The Road Not Taken? Changes in Welfare Entry During the 1990s
This article examines how welfare entry rates changed during the 1990s, and also assesses whether changes in entry rates are accompanied by improvements in the circumstances of families that choose not to receive welfare. Methods.
This analysis uses data from the 1990 and 1996 panels of the Survey of Income and Program Participation to identify three cohorts of low-income single mothers who are potentially eligible for welfare but are not receiving benefits. Multivariate (competing risk) regression models and decomposition techniques are used to identify the factors responsible for changes in welfare entry patterns over the 1990s. Results.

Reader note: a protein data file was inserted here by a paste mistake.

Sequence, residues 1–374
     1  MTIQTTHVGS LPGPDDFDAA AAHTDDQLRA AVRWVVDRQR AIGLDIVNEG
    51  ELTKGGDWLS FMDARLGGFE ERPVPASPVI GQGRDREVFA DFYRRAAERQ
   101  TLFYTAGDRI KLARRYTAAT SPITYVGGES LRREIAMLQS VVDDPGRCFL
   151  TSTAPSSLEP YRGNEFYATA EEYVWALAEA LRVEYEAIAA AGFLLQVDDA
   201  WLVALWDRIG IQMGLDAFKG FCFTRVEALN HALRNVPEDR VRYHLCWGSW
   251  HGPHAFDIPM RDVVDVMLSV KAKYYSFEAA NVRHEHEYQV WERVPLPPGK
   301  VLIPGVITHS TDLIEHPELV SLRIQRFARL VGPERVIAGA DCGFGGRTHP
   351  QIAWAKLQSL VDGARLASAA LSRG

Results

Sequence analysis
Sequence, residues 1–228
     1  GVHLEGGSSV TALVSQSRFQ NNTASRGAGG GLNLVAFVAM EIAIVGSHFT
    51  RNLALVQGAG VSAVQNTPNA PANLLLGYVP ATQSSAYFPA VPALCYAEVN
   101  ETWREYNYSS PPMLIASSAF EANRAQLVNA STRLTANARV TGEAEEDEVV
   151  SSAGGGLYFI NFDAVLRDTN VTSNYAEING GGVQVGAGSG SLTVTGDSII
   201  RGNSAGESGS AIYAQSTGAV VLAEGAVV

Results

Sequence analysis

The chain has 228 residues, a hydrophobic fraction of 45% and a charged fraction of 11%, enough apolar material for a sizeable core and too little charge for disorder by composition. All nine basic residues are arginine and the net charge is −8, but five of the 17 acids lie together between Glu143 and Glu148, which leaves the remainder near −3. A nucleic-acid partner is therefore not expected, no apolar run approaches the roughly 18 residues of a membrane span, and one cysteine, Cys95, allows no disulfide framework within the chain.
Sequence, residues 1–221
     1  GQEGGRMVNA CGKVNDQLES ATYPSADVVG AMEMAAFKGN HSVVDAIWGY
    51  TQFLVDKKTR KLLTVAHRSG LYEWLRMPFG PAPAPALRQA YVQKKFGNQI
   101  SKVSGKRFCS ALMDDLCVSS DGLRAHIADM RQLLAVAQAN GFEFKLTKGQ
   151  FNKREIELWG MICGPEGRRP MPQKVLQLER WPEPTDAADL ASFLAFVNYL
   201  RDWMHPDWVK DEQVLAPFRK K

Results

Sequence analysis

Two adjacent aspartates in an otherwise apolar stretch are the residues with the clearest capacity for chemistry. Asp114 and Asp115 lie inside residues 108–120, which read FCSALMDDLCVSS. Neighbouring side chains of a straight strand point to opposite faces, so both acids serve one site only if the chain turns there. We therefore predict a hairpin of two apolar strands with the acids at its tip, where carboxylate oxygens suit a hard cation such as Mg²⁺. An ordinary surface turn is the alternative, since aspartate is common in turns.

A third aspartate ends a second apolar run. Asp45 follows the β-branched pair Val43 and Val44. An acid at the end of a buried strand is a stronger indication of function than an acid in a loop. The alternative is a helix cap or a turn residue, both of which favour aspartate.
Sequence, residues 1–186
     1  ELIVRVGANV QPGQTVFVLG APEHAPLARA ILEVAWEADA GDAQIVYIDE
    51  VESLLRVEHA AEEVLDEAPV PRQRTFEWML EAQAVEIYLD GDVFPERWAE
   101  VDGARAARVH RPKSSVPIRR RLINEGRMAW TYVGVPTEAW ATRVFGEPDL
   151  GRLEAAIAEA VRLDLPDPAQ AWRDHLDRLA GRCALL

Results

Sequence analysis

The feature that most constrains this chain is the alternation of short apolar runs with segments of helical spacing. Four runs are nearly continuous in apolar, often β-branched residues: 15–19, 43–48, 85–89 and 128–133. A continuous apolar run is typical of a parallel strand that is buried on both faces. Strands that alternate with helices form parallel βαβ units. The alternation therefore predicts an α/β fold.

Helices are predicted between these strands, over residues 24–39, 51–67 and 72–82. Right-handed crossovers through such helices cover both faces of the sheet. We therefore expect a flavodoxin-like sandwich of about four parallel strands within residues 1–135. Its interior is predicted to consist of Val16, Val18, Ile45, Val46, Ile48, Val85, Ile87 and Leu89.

We find that welfare entry rates declined during the 1990s with the largest declines coming toward the end of the decade. Neither changes in the characteristics of low-income single mothers nor improvements in the economy directly account for this shift. Rather, the introduction of new policies like time limits, full-family sanctions, and family caps under welfare reform, along with unmeasured factors such as changes in attitudes toward work and welfare, account for the drop in welfare entry rates. The analysis also shows that declining entry rates are not accompanied by substantial improvements in the circumstances of low-income single mothers who are not on welfare. Conclusions.
Welfare reform policies adopted during the 1990s reduced entry into welfare, but single mothers who stayed off welfare remained in precarious economic circumstances.
Document Type: Research Article
Affiliations: The Urban Institute
Publication date: December 1, 2005